|Adekunie Abedayo (Stephen Lawrence) - Charleville Branch|
We generally have from ten to 15 members who attend Sunday Meetings at the Charleville-Meziers Branch chapel. Most of our members are French speaking; however we do have two active Nigerian members who speak English better than they speak French. It is a bit difficult to communicate with our Nigerian members in English because they are most fluent in one of the hundreds of native Nigerian dialects. Nevertheless, we provide Sunday School and Institute classes in English and interpret Sacrament Meetings for them.
Adekunie Abedayo or Stephen, as he likes to be called, was baptized about a year ago and holds the Aaronic Priesthood. He is generally the one who passes our Sacrament each Sunday. He is fighting to become a legal resident of France as he is seeking asylum here. Stephen is the calmest of our highly active and boisterous Nigerian members and investigators.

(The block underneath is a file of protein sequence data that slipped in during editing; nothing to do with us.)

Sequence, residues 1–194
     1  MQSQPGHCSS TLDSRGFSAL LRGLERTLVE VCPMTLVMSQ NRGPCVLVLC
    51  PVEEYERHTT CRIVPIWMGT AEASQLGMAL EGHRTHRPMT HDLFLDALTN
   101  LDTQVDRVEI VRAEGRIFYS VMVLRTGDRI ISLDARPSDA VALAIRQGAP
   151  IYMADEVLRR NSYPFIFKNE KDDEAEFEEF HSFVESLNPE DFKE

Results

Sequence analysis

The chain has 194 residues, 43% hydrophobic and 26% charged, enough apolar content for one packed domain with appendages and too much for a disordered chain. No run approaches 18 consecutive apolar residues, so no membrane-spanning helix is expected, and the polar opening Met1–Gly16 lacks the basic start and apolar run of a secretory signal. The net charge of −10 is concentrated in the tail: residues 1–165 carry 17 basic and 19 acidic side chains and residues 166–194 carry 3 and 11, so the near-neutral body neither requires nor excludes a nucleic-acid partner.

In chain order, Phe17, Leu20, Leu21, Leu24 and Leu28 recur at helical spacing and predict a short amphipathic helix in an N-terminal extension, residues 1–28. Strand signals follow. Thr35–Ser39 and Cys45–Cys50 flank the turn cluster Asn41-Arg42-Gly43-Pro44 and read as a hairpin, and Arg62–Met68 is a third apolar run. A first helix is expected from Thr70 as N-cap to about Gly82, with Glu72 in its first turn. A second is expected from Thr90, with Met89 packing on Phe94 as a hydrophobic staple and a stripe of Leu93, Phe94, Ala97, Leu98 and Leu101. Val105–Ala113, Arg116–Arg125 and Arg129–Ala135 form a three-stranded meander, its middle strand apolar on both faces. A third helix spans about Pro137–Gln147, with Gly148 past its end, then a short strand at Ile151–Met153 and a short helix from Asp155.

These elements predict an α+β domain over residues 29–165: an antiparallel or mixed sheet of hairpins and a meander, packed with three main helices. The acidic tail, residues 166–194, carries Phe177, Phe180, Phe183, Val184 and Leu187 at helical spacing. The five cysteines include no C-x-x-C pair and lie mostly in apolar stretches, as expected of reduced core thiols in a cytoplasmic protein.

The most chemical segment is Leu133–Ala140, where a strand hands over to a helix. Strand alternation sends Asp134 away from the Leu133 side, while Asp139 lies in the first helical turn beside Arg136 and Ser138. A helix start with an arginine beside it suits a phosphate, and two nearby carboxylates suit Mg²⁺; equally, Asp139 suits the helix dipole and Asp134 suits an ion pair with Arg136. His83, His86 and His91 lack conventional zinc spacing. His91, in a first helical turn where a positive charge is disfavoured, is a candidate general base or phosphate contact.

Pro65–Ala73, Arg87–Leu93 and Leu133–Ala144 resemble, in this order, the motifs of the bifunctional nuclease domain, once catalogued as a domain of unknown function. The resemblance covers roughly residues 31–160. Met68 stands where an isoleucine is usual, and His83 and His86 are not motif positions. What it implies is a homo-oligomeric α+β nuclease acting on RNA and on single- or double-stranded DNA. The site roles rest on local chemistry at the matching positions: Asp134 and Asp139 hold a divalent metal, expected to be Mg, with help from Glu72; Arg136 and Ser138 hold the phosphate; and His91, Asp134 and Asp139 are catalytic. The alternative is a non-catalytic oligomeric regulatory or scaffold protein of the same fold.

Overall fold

|Beauty Imhagbe - Charleville Branch|
Beauty Imhagbe is also Nigerian and has been a member for approximately one year. She is a legal resident of France but is finding it frustrating to find work here. She is very happy on the outside but has many concerns about life and wants to work to make hers better. She often brings two of her Nigerian girl friends with her to weekly Family Home Evening, Integration Activities, French Classes, Institute and Sunday Meetings.
Beauty enjoys cooking and sharing her Nigerian dishes with us. Nigerians eat very differently than do Americans and French and we often find it a challenge to indulge in what she brings to share with us. Nigerian food is rather spicy hot and contains ingredients Americans are not accustomed to eating.
|Rene & Claire Bourt|